Objectives The Ross procedure using the inclusion technique with anti-commissural plication (ACP) is associated with excellent valve hemodynamics and leaflet kinematics. The objective was to evaluate pulmonary cusp's biomechanics and fluttering by including coronary flow in the Ross procedure. Methods Ten porcine and five human pulmonary autografts were harvested from a meat abattoir and from heart transplant patients. Five porcine autografts without reinforcement served as controls. The other autografts were prepared using the inclusion technique with and without ACP (NACP). Hemodynamic and high-speed videography data were measured using the ex vivo heart simulator. Results Although porcine autografts showed similar leaflet rapid opening and closing mean velocities, human ACP compared to NACP autografts demonstrated lower leaflet rapid opening mean velocity in the right (p=.02) and left coronary cusps (p=.003). The porcine and human autograft leaflet rapid opening and closing mean velocities were similar in all cusps. Porcine autografts showed similar leaflet flutter frequencies in the left (p=.3) and non-coronary cusps (p=.4), but porcine NACP autografts vs. controls demonstrated higher leaflet flutter frequency in the right coronary cusp (p=.05). The human NACP vs. ACP autografts showed higher flutter frequency in the non-coronary cusp (p=.02). The leaflet flutter amplitudes were similar in all three cusps in both porcine and human autografts. Conclusions The ACP compared to NACP autografts in the Ross procedure was associated with more favorable leaflet kinematics. These results may translate to improved long-term durability of the pulmonary autografts.
View details for DOI 10.1115/1.4055033
View details for PubMedID 35864775
FDA Emergency Use Authorization-Approved Novel Coronavirus Disease 2019, Pressure-Regulated, Mechanical Ventilator Splitter That Enables Differential Compliance Multiplexing.
ASAIO journal (American Society for Artificial Internal Organs : 1992)
Infection with the novel coronavirus, severe acute respiratory syndrome coronavirus 2 (SARS-CoV-2), may cause viral pneumonia and acute respiratory distress syndrome (ARDS). Treatment of ARDS often requires mechanical ventilation and may take weeks for resolution. In areas with a large outbreaks, there may be shortages of ventilators available. While rudimentary methods for ventilator splitting have been described, given the range of independent ventilatory settings required for each patient, this solution is suboptimal. Here, we describe a device that can split a ventilator among up to four patients while allowing for individualized settings. The device has been validated in vitro and in vivo.
View details for DOI 10.1097/MAT.0000000000001756
View details for PubMedID 35667305
Ex vivo biomechanical analysis of flexible versus rigid annuloplasty rings in mitral valves using a novel annular dilation system.
BMC cardiovascular disorders
2022; 22 (1): 73
BACKGROUND: Mitral annuloplasty rings restore annular dimensions to increase leaflet coaptation, serving a fundamental component in mitral valve repair. However, biomechanical evaluations of annuloplasty rings are lacking. We aim to biomechanically analyze flexible and rigid annuloplasty rings using an ex vivo mitral annular dilation model.METHODS: Juvenile porcine mitral valves (n=4) with intercommissural distance of 28mm were dilated to intercommissural distances of 40mm using a 3D-printed dilator and were sewn to an elastic mount. Fiber bragg grating sensors were anchored to native chordae to measure chordal forces. The valves were repaired using size 28 rigid and flexible annuloplasty rings in a random order. Hemodynamic data, echocardiography, and chordal force measurements were collected.RESULTS: Mitral annular dilation resulted in decreased leaflet coaptation height and increased mitral regurgitation fraction. Both the flexible and rigid annuloplasty rings effectively increased leaflet coaptation height compared to that post dilation. Rigid ring annuloplasty repair significantly decreased the mitral regurgitation fraction. Flexible annuloplasty ring repair reduced the chordal rate of change of force (7.1±4.4N/s versus 8.6±5.9N/s, p=0.02) and peak force (0.6±0.5N versus 0.7±0.6N, p=0.01) compared to that from post dilation. Rigid annuloplasty ring repair was associated with higher chordal rate of change of force (9.8±5.8N/s, p=0.0001) and peak force (0.7±0.5N, p=0.01) compared to that after flexible ring annuloplasty repair.CONCLUSIONS: Both rigid and flexible annuloplasty rings are effective in increasing mitral leaflet coaptation height. Although the rigid annuloplasty ring was associated with slightly higher chordal stress compared to that of the flexible annuloplasty ring, it was more effective in mitral regurgitation reduction. This study may help direct the design of an optimal annuloplasty ring to further improve patient outcomes.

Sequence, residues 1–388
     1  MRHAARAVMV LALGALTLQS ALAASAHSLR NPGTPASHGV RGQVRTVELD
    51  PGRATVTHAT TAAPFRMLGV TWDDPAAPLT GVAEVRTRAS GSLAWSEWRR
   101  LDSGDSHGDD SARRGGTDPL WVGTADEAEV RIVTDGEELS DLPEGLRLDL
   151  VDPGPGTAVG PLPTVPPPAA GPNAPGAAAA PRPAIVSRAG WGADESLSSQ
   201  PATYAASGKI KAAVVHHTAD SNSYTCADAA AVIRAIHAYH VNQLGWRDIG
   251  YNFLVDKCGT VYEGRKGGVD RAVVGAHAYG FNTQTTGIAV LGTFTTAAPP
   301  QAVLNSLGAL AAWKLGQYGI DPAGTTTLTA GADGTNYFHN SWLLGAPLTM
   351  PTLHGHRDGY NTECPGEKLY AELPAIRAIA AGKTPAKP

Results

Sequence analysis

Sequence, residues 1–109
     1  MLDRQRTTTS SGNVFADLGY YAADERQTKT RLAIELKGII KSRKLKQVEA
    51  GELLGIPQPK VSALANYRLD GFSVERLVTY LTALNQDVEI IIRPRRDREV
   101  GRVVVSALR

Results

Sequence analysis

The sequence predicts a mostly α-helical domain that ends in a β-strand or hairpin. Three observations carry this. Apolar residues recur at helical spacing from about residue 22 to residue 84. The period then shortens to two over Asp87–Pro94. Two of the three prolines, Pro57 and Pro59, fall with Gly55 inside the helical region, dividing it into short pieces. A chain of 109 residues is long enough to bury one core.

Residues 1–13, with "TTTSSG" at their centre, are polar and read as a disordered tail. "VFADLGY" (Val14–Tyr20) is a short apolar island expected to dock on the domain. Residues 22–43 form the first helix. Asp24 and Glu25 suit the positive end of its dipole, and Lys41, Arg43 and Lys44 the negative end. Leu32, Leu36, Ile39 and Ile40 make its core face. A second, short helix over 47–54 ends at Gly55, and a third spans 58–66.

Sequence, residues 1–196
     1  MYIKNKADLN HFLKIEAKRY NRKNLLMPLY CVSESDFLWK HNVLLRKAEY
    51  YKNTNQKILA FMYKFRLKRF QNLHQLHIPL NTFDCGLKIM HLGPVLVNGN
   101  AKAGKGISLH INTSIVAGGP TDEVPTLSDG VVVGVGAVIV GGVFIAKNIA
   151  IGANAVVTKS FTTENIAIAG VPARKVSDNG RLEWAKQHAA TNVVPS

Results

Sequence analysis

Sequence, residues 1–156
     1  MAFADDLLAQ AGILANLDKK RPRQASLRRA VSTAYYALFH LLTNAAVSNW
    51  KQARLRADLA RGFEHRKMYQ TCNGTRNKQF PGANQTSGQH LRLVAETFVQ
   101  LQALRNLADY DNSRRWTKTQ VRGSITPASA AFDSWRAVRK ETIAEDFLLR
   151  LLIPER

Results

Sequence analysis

View details for DOI 10.1186/s12872-022-02515-x
View details for PubMedID 35219298
A Novel Device for Intraoperative Direct Visualization of a Pressurized Root in Aortic Valve Repair.
The Annals of thoracic surgery
PURPOSE: One major challenge in generating reproducible aortic valve (AV) repair results is the inability to assess AV morphology under physiologic pressure. A transparent intraoperative aortic valve visualization device was designed and manufactured.DESCRIPTION: This device is comprised of an open proximal end, a cantilevered edge to allow attachment of the device to the aorta or graft, a distal viewing surface, and two side ports for fluid delivery and air removal.EVALUATION: The performance of the device was evaluated ex vivo using normal porcine AV in situ (n=3), AV after valve-sparing aortic root replacement (VSARR, n=3), and porcine pulmonary valve in Ross procedure (n=3), and in 3 patients who underwent VSARR. AV morphology was clearly visualized using the device in all experiments. In human, the use of this device successfully illustrated cusp prolapse after the initial VSARR and effectively guided additional cusp repair.CONCLUSIONS: This device successfully allows for direct visual assessment of the AV apparatus under physiologic pressure. The use of this device can potentially increase the adoptability of AV repair in clinical practice.